Spurred on by his passion for sustainability and Australian produce he soon found himself with a fridge full of beautiful creamy butter, but no one to sell it to. Pierre tells us that back then, only seven years ago, the market was so different. Australia hadn’t really ‘woken up’ and started to appreciate the incredible produce that we have here. Our flagship restaurants were still looking to Europe for their top-end produce, and ‘Pepe’ was rejected over and over again with the excuse that French butter was the best. Pierre makes a good point of how you wouldn’t want to fly into Paris and eat at one of their best restaurants, to be served Australian sparkling wine and an Australian butter with your pre-meal bread roll. Same goes for tourist visiting Australia; You don’t fly over the Indian Ocean to be served the butter from the farm down the road from your house in France. You would want to be served the butter from the farm down the road from the chef’s house. (Australia being a huge country it might be more like from a farm in the same state that the chef lives.) “It was chefs like Alex Hubert, Roger Barstow and Niel Perry that got it straight away and supported us from the start.” This kind of thinking had been ingrained in Pepe since he was a child. He grew up in a small village outside of Byblos in Lebanon during the war in the 80’s and remembers a simple village life where they would get their milk from his dad’s cousin up the road and then make your own yoghurt and cheese at home or buy it from your closest neighbour.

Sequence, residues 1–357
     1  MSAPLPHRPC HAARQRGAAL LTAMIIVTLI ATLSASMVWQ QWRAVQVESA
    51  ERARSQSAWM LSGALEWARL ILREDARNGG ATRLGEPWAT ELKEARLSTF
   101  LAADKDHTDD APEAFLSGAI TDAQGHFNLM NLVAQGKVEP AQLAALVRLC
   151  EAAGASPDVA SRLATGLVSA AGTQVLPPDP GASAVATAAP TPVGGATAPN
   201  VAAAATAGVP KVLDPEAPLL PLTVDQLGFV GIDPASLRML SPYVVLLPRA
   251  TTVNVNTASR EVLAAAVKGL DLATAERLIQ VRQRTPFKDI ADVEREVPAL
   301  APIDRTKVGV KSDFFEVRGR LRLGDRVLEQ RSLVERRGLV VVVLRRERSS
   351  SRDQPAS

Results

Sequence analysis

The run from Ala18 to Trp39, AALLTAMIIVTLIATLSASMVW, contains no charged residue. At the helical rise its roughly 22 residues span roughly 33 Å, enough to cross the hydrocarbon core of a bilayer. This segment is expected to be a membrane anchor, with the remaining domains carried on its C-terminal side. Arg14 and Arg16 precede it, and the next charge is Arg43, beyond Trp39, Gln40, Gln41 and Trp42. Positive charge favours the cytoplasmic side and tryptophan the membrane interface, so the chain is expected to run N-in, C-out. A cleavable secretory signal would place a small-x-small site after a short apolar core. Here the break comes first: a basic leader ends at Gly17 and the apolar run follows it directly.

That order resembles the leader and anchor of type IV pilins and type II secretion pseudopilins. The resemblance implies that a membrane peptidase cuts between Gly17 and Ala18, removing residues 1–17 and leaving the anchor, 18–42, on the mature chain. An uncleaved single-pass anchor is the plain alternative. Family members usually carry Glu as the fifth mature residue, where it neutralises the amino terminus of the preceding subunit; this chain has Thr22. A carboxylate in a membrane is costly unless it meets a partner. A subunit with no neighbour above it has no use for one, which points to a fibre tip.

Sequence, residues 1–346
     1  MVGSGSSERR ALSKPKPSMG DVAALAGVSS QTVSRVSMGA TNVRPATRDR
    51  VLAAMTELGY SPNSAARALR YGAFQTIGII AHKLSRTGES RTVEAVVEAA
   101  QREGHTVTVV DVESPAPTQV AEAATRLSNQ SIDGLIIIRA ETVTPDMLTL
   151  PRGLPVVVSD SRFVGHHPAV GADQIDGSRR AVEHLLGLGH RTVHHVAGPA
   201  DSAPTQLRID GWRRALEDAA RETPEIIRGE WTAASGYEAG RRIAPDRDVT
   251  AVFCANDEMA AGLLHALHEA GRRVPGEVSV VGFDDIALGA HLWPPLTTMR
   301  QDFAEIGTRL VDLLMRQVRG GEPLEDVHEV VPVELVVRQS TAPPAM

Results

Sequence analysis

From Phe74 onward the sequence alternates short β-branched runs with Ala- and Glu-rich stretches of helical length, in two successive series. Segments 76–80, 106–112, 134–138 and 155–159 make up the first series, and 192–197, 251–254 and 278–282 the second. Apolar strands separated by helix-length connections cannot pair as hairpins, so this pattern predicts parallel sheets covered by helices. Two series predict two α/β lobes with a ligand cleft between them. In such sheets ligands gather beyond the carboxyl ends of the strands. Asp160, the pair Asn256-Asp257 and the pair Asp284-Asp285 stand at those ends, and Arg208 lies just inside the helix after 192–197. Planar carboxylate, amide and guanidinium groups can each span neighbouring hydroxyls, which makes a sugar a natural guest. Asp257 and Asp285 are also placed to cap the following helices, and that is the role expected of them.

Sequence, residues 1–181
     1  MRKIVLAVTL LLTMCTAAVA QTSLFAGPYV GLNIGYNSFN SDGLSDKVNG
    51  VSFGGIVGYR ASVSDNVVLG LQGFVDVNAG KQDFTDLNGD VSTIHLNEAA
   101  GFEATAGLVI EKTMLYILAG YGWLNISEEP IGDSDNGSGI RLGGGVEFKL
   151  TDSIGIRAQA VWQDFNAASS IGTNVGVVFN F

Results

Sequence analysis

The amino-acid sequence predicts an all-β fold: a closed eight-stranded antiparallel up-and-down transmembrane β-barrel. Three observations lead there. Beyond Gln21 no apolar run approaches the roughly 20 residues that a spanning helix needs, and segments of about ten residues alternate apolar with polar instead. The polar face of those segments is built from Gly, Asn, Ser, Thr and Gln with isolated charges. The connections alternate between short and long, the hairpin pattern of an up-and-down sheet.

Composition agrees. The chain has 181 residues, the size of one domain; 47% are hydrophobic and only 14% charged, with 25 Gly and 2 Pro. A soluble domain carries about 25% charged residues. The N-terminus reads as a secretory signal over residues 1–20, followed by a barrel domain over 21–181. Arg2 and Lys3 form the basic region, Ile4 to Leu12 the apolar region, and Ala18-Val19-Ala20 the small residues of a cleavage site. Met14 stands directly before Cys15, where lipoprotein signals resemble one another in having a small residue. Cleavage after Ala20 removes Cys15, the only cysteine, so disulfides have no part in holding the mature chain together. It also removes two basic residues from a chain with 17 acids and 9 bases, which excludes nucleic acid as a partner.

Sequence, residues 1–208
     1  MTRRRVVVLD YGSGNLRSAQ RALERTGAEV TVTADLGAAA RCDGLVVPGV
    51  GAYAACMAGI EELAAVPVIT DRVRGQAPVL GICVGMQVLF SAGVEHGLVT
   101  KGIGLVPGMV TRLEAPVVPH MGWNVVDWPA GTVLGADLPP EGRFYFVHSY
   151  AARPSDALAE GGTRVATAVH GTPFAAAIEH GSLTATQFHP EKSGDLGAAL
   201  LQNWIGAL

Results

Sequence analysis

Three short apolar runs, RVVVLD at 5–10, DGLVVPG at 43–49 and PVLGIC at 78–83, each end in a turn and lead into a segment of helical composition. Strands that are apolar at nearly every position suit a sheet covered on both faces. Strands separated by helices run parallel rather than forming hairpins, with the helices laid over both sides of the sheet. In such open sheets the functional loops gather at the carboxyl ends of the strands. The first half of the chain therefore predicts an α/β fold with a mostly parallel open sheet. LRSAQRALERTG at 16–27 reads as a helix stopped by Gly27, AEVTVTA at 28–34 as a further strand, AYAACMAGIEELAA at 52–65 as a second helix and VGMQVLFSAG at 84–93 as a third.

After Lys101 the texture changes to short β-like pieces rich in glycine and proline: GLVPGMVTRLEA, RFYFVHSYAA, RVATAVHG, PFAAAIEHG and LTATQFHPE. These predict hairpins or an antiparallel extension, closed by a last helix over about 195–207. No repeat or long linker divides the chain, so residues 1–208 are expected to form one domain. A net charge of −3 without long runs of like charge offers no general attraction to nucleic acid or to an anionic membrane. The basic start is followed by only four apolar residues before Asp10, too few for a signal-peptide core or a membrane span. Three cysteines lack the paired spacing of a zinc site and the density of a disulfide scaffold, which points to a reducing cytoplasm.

Today Pepe Saya produces not only butter but creme fraiche, glee, buttermilk and mascarpone. All milk is carefully sourced from farms in NSW, Victoria and South Australia. Pierre makes sure only to use the best and keeps a sustainable relationship with the dairy farmers by paying a genuine price for the milk. It is then transported to the factory in Tempe where culture is added, the milk gently heated and matured before it’s turned into butter. When salting the butter, they add two kinds of Australian salt, a fine salt and a rock salt that is the source of those crunchy little crystals in the butter. The butter is then portioned and cut by hand into whatever shape requested and each package is labelled individually by a team of loyal workers. Just watching how the cultured creme fraiche is whipped into a creamy butter makes your mouth water. It’s a fascinating production, especially when you see the number of individual portions that are being prepared for the Quantas first class flights.
The time, respect and effort that goes into the making of this butter make you understand why you end up paying $15 for the final product. It even makes you want to spend $15, because not only will you get the best butter in Australia but you will also support Australian dairy industry, an ageless craftsmanship, and a very passionate and determined man.
When we asked Pierre what advice he would give himself if he had the chance seven years ago, he laughs and looks over at his wife who is working in the corner office of their staff room on top of the factory. “It’s been a tough road, and we have worked so hard to get here, the problem with hindsight is that if you knew what it took or what path it would take you down, you probably wouldn’t do it. “But despite that my advice to anyone that is thinking about putting a product out on the market is, ‘Just do it!’ “How can you live with yourself if you don’t. You will regret it for the rest of your life if you don’t give it go”.
Click here to find out where you can purchase Pepe Saya’s products.
All images on this page are credited to Pepe Saya.